Here I'm going to talk a bit about my research, but devoid of any particulars. This is partly because the vast majority of you wouldn't understand the particulars. But mostly it's because I can't leak any information on my group's research.
Over the past few months, I shifted research projects. It wasn't a huge shift. I'm still in the same research group, studying the same material, using the same experimental technique, but I'm no longer working on the same paper. This has probably set me back a bit, because I spent a year on my project without any paper to show for it.
The issue was that my advisor and Famous Theorist are both pushing a particular interpretation of my data that I don't agree with. My interpretation is much less exciting than theirs. I'm also not sure what experiment I could perform to rule out my interpretation. My interpretation is along the lines of "this kind of analysis is invalid" rather than a fully-formed theory, so it's not really the kind of thing you prove or disprove easily.
I told a friend about this situation, and he said it was very "principled" of me to drop the project just because I didn't agree with the exciting conclusions. He didn't agree with this principled stance. He thought it was better to publish a paper with overreaching conclusions than not to publish at all. Sure, the conclusions will likely be disproven later, but there's a small chance they'll turn out to be correct.
I'm not sure that I was taking any principled stance. Maybe if the paper was nearly ready to be published, I'd be fine publishing it even with the conclusions that I disagree with. But the truth is I'd have to do a lot more work to get to that point. And if anyone would acknowledge my alternative hypothesis, that would mean even more experiments to rule it out. I'm not really willing to invest that extra time to go nowhere.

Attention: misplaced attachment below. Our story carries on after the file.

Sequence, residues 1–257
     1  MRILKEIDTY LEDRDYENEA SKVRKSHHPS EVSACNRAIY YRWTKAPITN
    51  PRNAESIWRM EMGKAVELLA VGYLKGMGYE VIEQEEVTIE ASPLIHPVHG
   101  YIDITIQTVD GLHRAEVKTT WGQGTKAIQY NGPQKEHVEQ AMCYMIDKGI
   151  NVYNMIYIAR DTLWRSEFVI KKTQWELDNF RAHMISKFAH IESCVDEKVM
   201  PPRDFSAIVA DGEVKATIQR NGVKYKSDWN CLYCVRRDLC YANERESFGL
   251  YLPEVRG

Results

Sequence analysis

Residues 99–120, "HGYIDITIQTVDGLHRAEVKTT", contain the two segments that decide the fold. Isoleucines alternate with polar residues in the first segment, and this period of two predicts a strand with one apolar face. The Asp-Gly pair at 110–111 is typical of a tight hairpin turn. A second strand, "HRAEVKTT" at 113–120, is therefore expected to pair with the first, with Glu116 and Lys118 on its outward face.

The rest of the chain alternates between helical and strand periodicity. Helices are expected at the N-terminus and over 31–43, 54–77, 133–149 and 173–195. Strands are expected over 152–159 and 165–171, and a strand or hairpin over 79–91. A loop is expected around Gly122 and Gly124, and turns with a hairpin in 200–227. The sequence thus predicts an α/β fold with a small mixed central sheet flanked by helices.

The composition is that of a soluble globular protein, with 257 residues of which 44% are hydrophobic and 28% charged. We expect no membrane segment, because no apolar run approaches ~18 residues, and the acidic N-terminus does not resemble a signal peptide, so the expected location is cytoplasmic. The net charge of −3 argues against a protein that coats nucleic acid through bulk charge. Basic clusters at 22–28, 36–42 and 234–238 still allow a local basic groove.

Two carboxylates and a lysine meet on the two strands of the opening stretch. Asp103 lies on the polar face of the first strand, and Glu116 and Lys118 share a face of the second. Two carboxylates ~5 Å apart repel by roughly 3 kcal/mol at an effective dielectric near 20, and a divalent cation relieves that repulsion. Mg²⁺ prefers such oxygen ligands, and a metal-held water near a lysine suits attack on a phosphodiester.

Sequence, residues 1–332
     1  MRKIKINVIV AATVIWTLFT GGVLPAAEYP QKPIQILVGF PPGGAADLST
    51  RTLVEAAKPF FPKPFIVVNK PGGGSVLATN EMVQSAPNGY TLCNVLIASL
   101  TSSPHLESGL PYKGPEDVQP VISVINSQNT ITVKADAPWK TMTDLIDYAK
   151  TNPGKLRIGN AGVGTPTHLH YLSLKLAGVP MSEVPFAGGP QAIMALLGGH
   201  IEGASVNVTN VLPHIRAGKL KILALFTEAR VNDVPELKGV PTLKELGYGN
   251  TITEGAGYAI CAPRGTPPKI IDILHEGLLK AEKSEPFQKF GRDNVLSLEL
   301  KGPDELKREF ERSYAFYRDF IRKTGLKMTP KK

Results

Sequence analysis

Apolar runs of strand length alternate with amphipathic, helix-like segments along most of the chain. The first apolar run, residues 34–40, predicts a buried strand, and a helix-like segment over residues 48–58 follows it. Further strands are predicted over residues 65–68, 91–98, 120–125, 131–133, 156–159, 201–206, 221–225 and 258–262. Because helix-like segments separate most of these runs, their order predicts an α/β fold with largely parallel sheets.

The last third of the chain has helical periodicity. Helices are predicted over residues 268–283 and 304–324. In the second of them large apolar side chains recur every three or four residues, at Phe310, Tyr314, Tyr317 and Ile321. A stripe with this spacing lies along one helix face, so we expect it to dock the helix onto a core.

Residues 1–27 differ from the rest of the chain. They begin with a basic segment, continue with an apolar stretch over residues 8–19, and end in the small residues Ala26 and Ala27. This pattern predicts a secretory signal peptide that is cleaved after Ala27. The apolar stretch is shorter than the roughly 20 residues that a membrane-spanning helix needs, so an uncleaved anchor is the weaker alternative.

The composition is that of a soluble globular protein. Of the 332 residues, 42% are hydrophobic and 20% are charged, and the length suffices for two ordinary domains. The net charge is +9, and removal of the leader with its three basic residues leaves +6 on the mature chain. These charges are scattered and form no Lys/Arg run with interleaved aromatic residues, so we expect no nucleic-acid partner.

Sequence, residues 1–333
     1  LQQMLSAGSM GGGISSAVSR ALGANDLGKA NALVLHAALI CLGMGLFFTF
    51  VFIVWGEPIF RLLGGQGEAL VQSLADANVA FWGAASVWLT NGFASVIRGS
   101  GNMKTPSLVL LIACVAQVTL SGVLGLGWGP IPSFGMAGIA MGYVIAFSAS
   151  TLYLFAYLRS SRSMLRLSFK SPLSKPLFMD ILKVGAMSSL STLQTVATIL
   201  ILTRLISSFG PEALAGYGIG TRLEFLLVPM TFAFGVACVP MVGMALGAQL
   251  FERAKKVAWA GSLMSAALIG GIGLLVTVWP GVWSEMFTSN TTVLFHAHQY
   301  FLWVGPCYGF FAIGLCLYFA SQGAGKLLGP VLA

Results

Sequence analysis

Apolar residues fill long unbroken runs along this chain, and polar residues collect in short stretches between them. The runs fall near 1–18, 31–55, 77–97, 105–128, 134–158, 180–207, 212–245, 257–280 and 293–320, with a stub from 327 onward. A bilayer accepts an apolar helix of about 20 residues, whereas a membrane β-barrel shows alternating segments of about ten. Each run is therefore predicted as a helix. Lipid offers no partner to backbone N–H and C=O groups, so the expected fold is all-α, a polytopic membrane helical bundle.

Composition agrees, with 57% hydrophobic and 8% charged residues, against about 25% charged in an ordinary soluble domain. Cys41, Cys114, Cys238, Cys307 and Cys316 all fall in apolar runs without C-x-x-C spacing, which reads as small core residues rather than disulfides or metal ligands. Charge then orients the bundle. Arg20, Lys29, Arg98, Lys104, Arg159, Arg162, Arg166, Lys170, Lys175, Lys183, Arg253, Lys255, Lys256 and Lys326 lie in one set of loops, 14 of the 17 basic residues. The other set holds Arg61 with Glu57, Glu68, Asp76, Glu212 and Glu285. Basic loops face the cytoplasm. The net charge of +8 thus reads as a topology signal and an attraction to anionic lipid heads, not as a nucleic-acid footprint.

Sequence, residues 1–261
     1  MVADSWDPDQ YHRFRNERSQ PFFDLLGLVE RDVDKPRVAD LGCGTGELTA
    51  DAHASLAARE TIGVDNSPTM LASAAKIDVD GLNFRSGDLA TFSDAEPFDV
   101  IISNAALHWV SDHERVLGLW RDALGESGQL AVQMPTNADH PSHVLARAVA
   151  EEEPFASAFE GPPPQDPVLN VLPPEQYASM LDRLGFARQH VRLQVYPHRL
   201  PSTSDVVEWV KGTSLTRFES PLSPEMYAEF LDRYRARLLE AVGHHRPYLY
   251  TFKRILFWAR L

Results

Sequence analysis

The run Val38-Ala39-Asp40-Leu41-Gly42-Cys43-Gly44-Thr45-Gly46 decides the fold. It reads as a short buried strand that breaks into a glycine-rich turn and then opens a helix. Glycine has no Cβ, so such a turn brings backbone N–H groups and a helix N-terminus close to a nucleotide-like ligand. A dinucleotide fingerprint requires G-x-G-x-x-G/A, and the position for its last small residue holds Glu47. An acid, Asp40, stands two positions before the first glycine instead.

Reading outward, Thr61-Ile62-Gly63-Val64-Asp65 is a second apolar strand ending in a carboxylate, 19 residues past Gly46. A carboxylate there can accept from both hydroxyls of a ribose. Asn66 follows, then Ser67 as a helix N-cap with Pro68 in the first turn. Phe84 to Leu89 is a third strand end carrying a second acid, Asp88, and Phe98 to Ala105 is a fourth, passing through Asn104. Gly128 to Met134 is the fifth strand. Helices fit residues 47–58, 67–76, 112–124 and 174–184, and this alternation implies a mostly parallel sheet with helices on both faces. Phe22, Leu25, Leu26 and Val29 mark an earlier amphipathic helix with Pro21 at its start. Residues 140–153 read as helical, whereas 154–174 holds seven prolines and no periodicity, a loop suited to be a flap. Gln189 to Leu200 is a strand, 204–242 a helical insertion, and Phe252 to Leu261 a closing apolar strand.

My advisor and I were a bit frustrated with each other's positions. My advisor was frustrated with me because she thought I was misunderstanding Famous Theorist, and that I wasn't proposing any experiment to test my theory, which she didn't understand. I was frustrated with my advisor because she was misunderstanding Famous Theorist, and also my own theory.
But I don't mean to make it out like this has been hurting my relationship with my advisor. There's an easy resolution to the disagreement: I switch projects, and she assigns another student to continue my old one. It's slightly awkward, because I openly believe that the other student is now stuck in a dead-end project, but I wish them success in any case.
One advantage of switching projects at this time is that I know enough to form my own ideas of what to study. I had a new idea in France, which I excitedly presented to my group. My advisor likes when students come up with their own ideas, so she lets me pursue it.
Long story short, I haven't published anything, and I'm not close to publishing anything yet. Oh well. Such is the life of a grad student.